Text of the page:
Blame and shame on the subject of lust

    This caught my eye in my e-mail today, so I read it and really like what he has to say.

    We’ve discussed the question of lust and its causes and where the responsibility lies a number of times on this board. The discussions I recall often referred to porn, whereas this article is more about interpersonal relationships, but I believe the idea the author presents is universally applicable.

    Under the stars Asked on March 27, 2020 in Theology of Sex .
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      I think the post misses the point that some people have a genuine problem,  whether it is sexual addiction or pornography addiction, or whatever.   The issue is not how they view women.  It is that they are broken.

      You don’t line up a bunch of drinks in front of an alcoholic, and tell them that they are not seeing alcohol correctly.  You treat the illness.

      That post is just an illustration of a major issue in the world right now.  There is always something to be offended about,  and it is always someone else fault.  If you look,  you are a lecherous beast,  if you don’t look,  you are taking away my personhood.  It is all about me.

      As someone who had both a massive anger/rage issue,  and a massive pornography addiction,  I can tell you without reservation that the first and most natural steps to take if you are trying to overcome is to remove yourself from the situations which make you most vulnerable.  I have done the eye bouncing thing,  and still do on occasion.  I also will walk away from a conflict if I feel my anger start to rise.  It is about respecting myself,  and has nothing to do with anyone else.  I will explain myself later if it is appropriate to do so.

      There is nothing that says a person with a lust issue only sees sexual bits of a woman.  That is a theory that SWG made up.  I am certainly cap[able of seeing a whole person, and always have been.


      On the floor Answered on March 29, 2020.

      Very good points! I like!

      on March 29, 2020.
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        I just read it and it took my thoughts to a couple of rabbit trails.

        I believe I agree with the overall premise…. but, with the “bouncing your eyes”… I have never read the book it mentions that teaches this, so I don’t know how this concept is taught and if it is taught in an “objectifying” way. But, I personally see this as a practical “how to” on working on what the blogger says. The initial notice is biological, but where one goes with it mentally is what matters….if one continues to ogle, they have set their course mentally. To bounce the eyes allows for one to get back into the mental and away from the biological reaction. I don’t see it as much different than being told to cut your meal in half and immediately put it in a to-go box so you aren’t as tempted to over eat. There’s nothing wrong with practical steps, but as we know, anything can be taken too far and be damaging.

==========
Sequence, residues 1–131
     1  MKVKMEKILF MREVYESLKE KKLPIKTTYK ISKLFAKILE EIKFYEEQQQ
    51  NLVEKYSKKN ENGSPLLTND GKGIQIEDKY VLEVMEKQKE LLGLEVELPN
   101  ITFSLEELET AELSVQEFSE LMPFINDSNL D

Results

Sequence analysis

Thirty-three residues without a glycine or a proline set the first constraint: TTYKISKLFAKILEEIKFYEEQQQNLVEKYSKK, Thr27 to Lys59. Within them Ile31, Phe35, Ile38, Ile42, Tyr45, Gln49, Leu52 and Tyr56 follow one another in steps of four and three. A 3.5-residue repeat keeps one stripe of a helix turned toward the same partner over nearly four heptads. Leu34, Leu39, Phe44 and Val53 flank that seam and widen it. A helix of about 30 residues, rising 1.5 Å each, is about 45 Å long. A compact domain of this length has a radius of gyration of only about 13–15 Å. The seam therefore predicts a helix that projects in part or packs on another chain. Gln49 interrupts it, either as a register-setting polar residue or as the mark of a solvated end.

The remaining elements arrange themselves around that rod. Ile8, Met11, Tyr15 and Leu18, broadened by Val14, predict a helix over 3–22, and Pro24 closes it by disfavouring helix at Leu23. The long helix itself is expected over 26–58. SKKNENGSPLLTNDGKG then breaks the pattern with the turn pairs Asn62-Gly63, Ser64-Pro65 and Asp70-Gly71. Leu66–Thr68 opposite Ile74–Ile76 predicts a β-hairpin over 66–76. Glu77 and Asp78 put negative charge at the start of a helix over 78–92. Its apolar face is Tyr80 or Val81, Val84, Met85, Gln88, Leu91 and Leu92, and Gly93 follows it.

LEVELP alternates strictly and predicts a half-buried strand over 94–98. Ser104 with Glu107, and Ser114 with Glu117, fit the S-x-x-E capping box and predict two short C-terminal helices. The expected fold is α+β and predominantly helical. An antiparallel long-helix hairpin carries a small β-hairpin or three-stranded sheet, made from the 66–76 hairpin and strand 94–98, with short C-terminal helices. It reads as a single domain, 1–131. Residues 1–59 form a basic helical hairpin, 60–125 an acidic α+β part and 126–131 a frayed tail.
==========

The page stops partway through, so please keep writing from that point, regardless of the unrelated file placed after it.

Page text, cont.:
(A rabbit trail thought)… What I feel is more objectifying is when men refuses to talk to women (or vice versa) out of hypervigilance of “affair-proofing”. It’s like they believe if one treats someone of the opposite sex with kindness, love, and respect, they will automatically want to lure them into an affair. Talk about objectifying and not seeing someone as a sister (or brother) in Christ.

        Under the stars Answered on March 27, 2020.

        IA with the bouncing if it is helpful to that certain man but shouldn’t be taught to all men with the premise that they are all lusting pigs. For instance, i was given about 4 bakery goods today (pie, cake, donuts, etc.) and because i am a PIG (lol) and i want to keep my weight off, i have to throw some of it away whereas the average person would just let it sit there 😛

        on March 27, 2020.
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          Paul wrote in Romans 6 not to yield your members as instruments of unrighteousness unto sin.  Members are parts of the body.  In Matthew, Jesus said that he that looks at a woman IN ORDER TO lust after her, hat committed adultery with her already in her heart.

          That word for ‘lust’ shows up in the LXX Greek translation used back then in ‘thou shalt not covet’ in the ten commandments.

          There is some volition there. A man looks.  He puts forth some effort, or at least yields his eye.  If a naked woman falls through the roof into his field of view, that’s not a sin.  If he then decides to gaze upon her naked form to desire her, that’s wrong (that would be a painful situation for the person being gazed at.)

          James says that when lust hath conceived, it bringeth forth sin, and sin when it is finished, bringeth forth death.  When the process starts, it is possible to nip it in the bud before it turns to sin.  Paul says to make no provision for the flesh, to fulfill the lusts thereof.  There is a propensity in us to desire things we should not– and lusting for sex is not the only lust, btw.  But we are not to yield to these fleshly desires.

          With every temptation, there is a way of escape.  Men do not have to look with lust.  They do not have to sin.  The urge does seem to decrease to some extent with age.  The Bible warns about youthful lusts.  Certain lusts are more of a temptation in youth, and I think sexual lusts are foremost when it comes to that.

          Fell out of ... Answered on March 27, 2020.